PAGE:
The winner of the tender for the development of basic and executive projects of the Olympic Velodrome, announced on January 31, 2013, was the Rio Olympic Equipment Consortium, formed by the following companies: Arqhos Consultoria and Projetos LTDA, Arup do Brasil Consultoria LTDA, BlacBackheuserand LeonidioArquiteturaand CidadeS/C, Conen Consultoria and Engenharia LTDA and JLA Casagrande Serviços and Consultoria de Engenharia LTDA. Preliminary studies were prepared by AECOM, winner of the international competition that chose the company responsible for the overall town-planning of the Olympic Park of Barra in August 2011.

The decision to build an Olympic Velodrome was made jointly by the City, Rio 2016 and the Federal Government, after several tests. Survey of the International Cycling Federation (UCI, French acronym for Union Cycliste Internationale) of the velodrome built for the Pan American Games, made at the request of Rio 2016, resulted in the opinion that the structure could not be used in the Olympics.

In their reports, the UCI cited several aspects which were at odds with the requirements necessary for conducting the Olympic competitions. Among these, the fact that the building has two pillars which hindered the view of the public, the viewers and the judges, and the track does not allow athletes to reach the speed necessary to overcome the world and Olympic records. It was established in the Pan American Games that the maximum speed in the velodrome was 70 km/h, at the time for the approval of the 2007 event. Currently, for example, in the 200 meters competition, the world record speed is around 79 km/h. During the 2012 Games in London, the speed achieved was 75 km/h. According to Olympic standards for the requirements for a Category 1 lane, the minimum and maximum speeds should be 85 km/h and 110 km/h, respectively.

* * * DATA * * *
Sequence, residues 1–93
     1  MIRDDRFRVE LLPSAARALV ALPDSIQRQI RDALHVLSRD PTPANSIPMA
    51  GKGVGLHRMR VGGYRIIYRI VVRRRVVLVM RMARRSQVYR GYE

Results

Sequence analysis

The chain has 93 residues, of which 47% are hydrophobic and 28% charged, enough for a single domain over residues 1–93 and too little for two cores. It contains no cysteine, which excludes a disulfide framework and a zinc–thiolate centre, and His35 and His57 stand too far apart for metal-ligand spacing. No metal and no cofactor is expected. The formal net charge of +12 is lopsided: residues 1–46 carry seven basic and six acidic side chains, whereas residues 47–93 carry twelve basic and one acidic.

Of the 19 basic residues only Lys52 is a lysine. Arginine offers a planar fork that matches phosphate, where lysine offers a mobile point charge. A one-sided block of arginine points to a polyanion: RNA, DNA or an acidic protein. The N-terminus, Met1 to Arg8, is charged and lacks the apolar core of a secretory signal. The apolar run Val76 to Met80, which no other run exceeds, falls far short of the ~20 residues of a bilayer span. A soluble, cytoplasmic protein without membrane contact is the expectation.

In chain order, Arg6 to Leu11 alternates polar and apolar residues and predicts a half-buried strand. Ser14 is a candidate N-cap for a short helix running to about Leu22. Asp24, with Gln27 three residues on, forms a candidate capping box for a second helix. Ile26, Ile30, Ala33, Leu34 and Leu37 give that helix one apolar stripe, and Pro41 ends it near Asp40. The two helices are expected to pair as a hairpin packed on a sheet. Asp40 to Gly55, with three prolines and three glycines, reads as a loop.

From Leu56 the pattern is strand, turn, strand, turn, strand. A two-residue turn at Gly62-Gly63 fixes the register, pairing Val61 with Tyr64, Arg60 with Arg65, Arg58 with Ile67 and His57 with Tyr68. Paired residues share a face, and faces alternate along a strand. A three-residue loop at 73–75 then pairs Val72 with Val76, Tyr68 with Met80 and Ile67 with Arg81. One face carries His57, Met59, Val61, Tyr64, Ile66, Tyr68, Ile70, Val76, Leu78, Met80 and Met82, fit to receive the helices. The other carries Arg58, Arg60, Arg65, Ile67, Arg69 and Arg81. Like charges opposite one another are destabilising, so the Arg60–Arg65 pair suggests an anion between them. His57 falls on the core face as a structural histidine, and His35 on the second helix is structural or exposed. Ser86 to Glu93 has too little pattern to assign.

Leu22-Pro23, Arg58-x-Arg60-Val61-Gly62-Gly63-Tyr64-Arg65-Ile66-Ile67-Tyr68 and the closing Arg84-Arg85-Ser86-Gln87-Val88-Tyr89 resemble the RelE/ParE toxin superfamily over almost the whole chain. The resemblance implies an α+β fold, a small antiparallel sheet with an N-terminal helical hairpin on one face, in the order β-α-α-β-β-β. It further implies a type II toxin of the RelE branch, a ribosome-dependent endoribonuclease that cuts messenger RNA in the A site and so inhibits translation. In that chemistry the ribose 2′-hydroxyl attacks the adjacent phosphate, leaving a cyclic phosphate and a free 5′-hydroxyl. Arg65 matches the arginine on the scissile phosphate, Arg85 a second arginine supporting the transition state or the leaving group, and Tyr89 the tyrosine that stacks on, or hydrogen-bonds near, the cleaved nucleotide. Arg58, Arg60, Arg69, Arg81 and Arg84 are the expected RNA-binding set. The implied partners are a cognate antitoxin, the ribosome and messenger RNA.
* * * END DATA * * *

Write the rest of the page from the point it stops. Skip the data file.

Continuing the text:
Dismantling the old velodrome was done by the Concessionária Rio Mais, responsible for the construction of the Olympic Park in Barra da Tijuca. The blasting operation began in early March 2013 and was completed in early June, in accordance with the construction schedule of the Olympic Park venues.

The technicians responsible for the disassembly sought to make the most of the venue. The entire track support structure, the grandstand seats, metallic structure and roof, light fixtures, windows, doors, elevator, pipes, aluminium frames, ducts, hydraulic and fire venue material, and the power substation electrical equipment, among other items, were transferred to Pinhais.